There were just 15,027 home sales in August, according to figures from the notaries, based on sales witnessed by them.
I recently published an article on the latest data from the National Institute of Statistics, which lags the data from the notaries by a couple of months, showing signs that the Spanish property market is turning down again. This data from the notaries seems to confirm it.
It is incredible that the Spanish property market is still capable of shrinking almost 30pc after six years of crisis and falling sales. This was the biggest decline in five months.
“Therefore, there are no signs of an end to the adjustment in the housing market,” goes the report from the notaries.
High transaction costs will be a big part of the problem. VAT on new homes is now 10pc everywhere in Spain except the Canaries, and the transfer tax on resales has just gone up to 10pc in key markets like Valencia and Catalonia. High transactions costs are sure to be driving down demand.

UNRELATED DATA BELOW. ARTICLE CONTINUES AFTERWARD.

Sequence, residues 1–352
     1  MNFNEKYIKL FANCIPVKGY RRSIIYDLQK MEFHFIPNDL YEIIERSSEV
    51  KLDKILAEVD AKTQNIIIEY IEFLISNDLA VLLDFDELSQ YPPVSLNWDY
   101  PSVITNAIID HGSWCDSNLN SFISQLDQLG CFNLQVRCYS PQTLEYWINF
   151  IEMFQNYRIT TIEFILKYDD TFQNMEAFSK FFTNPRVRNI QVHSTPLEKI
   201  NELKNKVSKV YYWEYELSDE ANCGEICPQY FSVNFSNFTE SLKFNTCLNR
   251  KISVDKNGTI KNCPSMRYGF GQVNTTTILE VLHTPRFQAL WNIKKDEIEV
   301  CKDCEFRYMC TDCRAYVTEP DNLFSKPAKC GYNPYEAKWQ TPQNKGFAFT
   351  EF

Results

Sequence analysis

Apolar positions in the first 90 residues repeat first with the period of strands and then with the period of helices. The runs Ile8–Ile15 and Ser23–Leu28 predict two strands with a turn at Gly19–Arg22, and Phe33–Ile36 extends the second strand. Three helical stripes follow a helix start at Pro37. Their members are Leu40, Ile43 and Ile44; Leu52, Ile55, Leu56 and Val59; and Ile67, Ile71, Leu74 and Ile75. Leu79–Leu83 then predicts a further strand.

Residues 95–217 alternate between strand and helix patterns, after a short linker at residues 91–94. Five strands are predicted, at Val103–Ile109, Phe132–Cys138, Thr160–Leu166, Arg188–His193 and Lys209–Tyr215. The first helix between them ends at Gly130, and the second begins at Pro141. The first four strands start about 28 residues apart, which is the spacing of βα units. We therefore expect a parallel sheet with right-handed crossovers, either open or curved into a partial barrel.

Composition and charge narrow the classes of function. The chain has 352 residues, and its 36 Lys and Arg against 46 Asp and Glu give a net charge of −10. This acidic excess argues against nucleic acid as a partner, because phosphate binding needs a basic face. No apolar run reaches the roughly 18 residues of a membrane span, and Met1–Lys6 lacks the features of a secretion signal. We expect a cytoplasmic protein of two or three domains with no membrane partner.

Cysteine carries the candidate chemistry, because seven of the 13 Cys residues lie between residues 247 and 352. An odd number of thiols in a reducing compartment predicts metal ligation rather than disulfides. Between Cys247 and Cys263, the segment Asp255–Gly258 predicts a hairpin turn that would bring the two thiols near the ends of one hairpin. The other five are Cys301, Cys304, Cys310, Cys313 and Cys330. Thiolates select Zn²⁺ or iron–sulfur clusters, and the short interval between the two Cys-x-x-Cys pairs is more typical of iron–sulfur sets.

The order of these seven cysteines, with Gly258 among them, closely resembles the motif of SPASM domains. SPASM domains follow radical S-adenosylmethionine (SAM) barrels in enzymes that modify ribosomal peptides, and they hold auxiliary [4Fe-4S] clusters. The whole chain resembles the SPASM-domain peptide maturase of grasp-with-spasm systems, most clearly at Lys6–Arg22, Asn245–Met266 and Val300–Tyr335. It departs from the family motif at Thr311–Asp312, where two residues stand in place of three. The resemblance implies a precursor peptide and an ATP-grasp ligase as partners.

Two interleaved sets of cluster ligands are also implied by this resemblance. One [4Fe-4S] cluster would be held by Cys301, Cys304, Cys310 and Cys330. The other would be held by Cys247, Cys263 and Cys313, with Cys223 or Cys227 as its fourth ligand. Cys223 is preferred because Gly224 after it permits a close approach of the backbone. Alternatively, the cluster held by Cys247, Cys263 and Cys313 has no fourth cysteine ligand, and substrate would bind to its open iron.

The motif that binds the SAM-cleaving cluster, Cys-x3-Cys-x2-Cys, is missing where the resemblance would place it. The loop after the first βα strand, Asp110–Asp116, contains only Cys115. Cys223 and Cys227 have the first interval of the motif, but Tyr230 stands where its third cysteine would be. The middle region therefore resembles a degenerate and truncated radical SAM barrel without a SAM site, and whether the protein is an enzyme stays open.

Thin markets provide unreliable data
With so few sales, the market is now so “thin” that price data, never very reliable, becomes too volatile to take seriously. A small number of sales can distort the price index.
Whist is exactly what happened in August. The price per square meter of housing in Spain rose by 0.7pc in August, to 1,219 €/m2, according to the notaries, and despite the collapse in sales.
With vendors outnumbering buyers by a wide margin, it’s obvious that Spanish house prices didn’t actually rise in August. What happened was a small number of sales of detached single-family homes pushed the price index up in a thin market.
Mortgage lending also collapsed in August, down 33.5pc to 12,808. Mortgages for home purchases fell 35.6pc.